of the squares of all the ABSOLUTE errors of the series of data the most to the overall fit.
points on the curve, as shown in the example in Table 3.

y = 1538x + 0
R2 = 0.999905

Figure 9. Calibration curve for 11 standards from 10 ppt to 1,000 ppb (six orders of magnitude) with an R2=0.999905.

Table 3. Hypothetical calibration with some preparation errors. This statistical reality affects BOTH accuracy at low levels and
Mean Mean detection limits. Therefore, if accuracy at concentrations near
Concentration Error of
Intensity Intensity with the lower limits of detection is the most important criteria, a
(ppb) 1% (cps)
(cps) 1% Error (cps) calibration curve that does not include very high standards is
0 0 0 0 preferable. For example, if Se is to be determined and most
0.1 100 +1 99 - 101 samples will be below 10 ppb with a need to report down to
1 800 +8 792 – 808 0.1 ppb, the instrument should be calibrated with standards in this
Figure 10 range. A blank (0) and three standards at 0.5, 2.0 and 10.0 ppb
10 11000 + 110 10890 - 11100
will give far better accuracy at the 0.1 ppb level than a calibration
50 46000 + 460 45540 - 46460
Figure 10 curve with standards of 0.1, 10.0 and 100 ppb. If even a higher
100 95000 + 950 94050 -95950
standard (say 500 ppb) were included, the ability to read 0.1 ppb
Calibration Curve accurately would be nearly impossible.
Same relative error on stds
Absolute error much larger on higher stds
Influence of high stds magnified on best fit
120000 Calibration Curve
Same relative error on stds
100000 Absolute error much larger on higher stds
Influence of high stds magnified on best fit
120000
80000
y = 943.2x + 158.36
R² = 0.9994
Intensity

100000
60000
Intensity
Linear (Intensity)
40000 80000
y = 943.2x + 158.36
R² = 0.9994
Intensity

20000 60000
Intensity

0 Linear (Intensity)
0 20 40 60 80 40000
100 120
Concentration, ppb

Figure 10. Effect of error on calibration curve with standards covering a wide concentration
20000 range.
6
Using a real example to further illustrate, Figure 11 shows a and samples). If the blank signal intensity is higher than that of a
calibration curve for Zn by ICP-MS (this is the same curve as sample, then the net blank-subtracted sample signal will calculate
in Figure 9). With standards at 0.01, 0.05, 0.1, 0.5, 1, 5, 10, to a negative concentration value, as illustrated in the following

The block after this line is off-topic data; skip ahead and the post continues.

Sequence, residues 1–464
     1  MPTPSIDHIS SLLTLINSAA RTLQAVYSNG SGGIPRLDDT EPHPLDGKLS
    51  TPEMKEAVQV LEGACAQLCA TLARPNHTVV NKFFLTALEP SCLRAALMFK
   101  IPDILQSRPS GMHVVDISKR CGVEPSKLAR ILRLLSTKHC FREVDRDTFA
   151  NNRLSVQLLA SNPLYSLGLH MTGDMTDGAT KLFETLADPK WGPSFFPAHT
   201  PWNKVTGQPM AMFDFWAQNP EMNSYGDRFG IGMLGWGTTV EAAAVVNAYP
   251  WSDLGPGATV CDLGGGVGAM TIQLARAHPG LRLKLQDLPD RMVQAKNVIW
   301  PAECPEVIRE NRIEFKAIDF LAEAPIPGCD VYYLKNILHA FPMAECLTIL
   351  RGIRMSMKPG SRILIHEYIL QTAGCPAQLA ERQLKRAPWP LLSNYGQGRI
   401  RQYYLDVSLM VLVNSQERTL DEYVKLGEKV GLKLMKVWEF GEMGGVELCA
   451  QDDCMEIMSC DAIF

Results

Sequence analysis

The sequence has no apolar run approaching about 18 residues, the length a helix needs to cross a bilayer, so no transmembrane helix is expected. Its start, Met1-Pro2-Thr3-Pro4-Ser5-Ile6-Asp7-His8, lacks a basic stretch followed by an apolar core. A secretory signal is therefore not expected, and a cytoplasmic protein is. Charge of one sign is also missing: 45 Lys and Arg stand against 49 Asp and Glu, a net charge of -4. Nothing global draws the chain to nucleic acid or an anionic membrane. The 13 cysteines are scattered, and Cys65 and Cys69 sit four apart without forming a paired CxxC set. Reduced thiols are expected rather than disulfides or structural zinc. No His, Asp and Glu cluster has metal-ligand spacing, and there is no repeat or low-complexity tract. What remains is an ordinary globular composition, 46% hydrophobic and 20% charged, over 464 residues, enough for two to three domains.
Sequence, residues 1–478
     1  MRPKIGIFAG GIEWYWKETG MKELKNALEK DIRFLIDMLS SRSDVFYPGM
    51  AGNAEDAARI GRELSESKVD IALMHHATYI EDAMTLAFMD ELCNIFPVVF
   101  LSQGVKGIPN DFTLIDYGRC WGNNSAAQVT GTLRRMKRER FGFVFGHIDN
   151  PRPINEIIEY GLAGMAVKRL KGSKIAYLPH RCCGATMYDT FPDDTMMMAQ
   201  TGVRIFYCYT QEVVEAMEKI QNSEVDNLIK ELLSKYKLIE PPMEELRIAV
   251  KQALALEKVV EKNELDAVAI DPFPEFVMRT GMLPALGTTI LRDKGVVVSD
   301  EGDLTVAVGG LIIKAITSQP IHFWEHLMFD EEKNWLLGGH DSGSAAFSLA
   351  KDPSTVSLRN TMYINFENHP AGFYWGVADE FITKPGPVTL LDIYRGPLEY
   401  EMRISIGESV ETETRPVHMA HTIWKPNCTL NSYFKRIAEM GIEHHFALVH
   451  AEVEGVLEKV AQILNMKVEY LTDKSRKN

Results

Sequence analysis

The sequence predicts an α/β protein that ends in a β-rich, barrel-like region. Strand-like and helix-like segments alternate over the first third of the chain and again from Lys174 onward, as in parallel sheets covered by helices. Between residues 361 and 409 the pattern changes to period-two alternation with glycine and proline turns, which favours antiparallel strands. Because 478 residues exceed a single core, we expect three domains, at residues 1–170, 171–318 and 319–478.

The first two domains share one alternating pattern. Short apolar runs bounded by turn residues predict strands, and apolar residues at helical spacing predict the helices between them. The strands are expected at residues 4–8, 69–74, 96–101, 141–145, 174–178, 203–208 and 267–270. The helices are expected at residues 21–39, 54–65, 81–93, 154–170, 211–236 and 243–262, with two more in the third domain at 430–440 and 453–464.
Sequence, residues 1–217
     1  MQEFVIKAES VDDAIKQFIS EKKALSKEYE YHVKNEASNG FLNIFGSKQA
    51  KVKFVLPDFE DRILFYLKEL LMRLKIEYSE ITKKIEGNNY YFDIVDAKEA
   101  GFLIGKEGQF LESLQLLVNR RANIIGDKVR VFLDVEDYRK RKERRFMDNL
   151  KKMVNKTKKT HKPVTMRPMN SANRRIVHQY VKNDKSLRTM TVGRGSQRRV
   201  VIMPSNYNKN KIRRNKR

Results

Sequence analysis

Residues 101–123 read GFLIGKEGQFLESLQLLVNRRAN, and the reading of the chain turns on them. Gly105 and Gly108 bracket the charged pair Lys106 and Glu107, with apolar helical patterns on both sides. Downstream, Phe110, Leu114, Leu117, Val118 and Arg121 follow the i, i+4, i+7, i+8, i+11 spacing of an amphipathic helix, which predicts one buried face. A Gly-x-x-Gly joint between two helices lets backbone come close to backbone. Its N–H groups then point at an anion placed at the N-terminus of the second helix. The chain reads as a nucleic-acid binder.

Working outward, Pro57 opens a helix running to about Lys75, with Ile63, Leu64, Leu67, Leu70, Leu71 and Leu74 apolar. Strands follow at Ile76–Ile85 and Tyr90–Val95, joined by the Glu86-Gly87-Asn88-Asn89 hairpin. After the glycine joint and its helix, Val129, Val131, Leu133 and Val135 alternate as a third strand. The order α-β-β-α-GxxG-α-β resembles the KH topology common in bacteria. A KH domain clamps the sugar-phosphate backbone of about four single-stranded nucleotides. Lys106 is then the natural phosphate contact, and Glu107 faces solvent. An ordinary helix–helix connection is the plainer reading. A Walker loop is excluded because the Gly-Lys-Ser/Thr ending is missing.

50, 100, 500 and 1000 ppb, the correlation coefficient (R2) of ICP-OES example.
0.999905 indicates an excellent calibration. However, when a
An analysis of pure aluminum is performed, looking for silicon as
0.100 ppb prepared standard is analyzed as a sample against
an analyte. After calibration, the sample (1000 ppm Al) shows
this curve, it reads 4.002 ppb. How can this be?
a silicon concentration of -0.210 mg/L. There could be several
An expanded view of the low end of the curve reveals the problem: reasons for this: improper background correction, an interference
contamination on the lowest seven standards, a common problem from a nearby peak, internal standard response. However, as
with zinc. However, this issue is not apparent from the excellent shown in Figure 12, the problem is a poor calibration curve, as
linear statistics of the complete curve. The lower standards shown in Figure 12a. The cause: a contaminated blank, which can
Figure 11 almost nothing statistically to the Least-Squares fit
contribute clearly be seen in Figure 12b. In this figure, the blank spectrum
compared to the four highest standards. for Si (yellow) has a peak that is higher than the sample (blue
The previous example shows the effect of contamination on spectrum). As a result, the sample will be reported as negative.
low-level standards, but blank contamination is another common Additionally, since the blank is also subtracted from the calibration
problem that will compromise accuracy. The calibration blank is standards, the calibration plot is not linear. Clearly Si is present in
assumed to be zero concentration. The measured signal of the the sample (blue spectrum), but calculating the concentration with
blank is subtracted from all subsequent measurements (standards a blank that is contaminated with Si is not possible.

y = 1538x + 0
R2 = 0.999905

Figure 11. Calibration curve for Zn showing excellent linear statistics, but poor low-level performance.

A B

1000 ppm Al
1000 ppm 1000
Al ppm Al

Calib Eq’n: Lin, Calc Int


Calib
CorrEq’n:
Calib Lin,
Eq’n:
Coeff: Calc
Lin,IntCalc Int
0.996477
Corr Coeff:
Corr Coeff:
0.9964770.996477

Figure 12. Effect of blank contamination. (A) Si calibration curve with a poor correlation coefficient due to the low standard not falling on the curve. (B) Si spectra of the blank
(yellow) and calibration standards (red), and sample (blue). The presence of Si in blank affects the calibration curve and causes the sample to read negative. 7
To make matters worse in this example, the pure solid aluminum Weighted Linear
was dissolved and diluted a factor of 1000 to give a final solution Another approach would be to make the lowest standards carry
of 1000 mg/L. The reported answer of -0.210 would be multiplied the greatest weight in the linear statistical fit. This is known as
by the dilution factor (1000x) to give a final Si “concentration” “weighted linear” or “inversely weighted linear”. Instead of
of -210 mg/L! calculating the least squared sum of errors using the absolute
Clean blanks and diluents are essential for good accuracy AND errors of the standards, this approach calculates the linear fit